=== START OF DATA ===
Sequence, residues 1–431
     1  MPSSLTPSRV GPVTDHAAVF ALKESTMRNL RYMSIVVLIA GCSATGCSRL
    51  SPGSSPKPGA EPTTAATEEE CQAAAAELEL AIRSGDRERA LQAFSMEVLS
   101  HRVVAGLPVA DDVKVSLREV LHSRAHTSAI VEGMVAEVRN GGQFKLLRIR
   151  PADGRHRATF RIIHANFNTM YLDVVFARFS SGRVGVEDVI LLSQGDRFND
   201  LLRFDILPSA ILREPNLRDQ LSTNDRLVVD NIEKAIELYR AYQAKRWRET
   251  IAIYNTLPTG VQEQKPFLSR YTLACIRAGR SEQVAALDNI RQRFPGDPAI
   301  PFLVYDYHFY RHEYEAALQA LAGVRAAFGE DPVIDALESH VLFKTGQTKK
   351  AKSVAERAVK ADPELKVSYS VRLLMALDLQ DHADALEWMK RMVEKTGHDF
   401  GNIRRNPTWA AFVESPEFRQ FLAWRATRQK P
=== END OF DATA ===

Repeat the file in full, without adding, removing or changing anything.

Sequence, residues 1–431
     1  MPSSLTPSRV GPVTDHAAVF ALKESTMRNL RYMSIVVLIA GCSATGCSRL
    51  SPGSSPKPGA EPTTAATEEE CQAAAAELEL AIRSGDRERA LQAFSMEVLS
   101  HRVVAGLPVA DDVKVSLREV LHSRAHTSAI VEGMVAEVRN GGQFKLLRIR
   151  PADGRHRATF RIIHANFNTM YLDVVFARFS SGRVGVEDVI LLSQGDRFND
   201  LLRFDILPSA ILREPNLRDQ LSTNDRLVVD NIEKAIELYR AYQAKRWRET
   251  IAIYNTLPTG VQEQKPFLSR YTLACIRAGR SEQVAALDNI RQRFPGDPAI
   301  PFLVYDYHFY RHEYEAALQA LAGVRAAFGE DPVIDALESH VLFKTGQTKK
   351  AKSVAERAVK ADPELKVSYS VRLLMALDLQ DHADALEWMK RMVEKTGHDF
   401  GNIRRNPTWA AFVESPEFRQ FLAWRATRQK P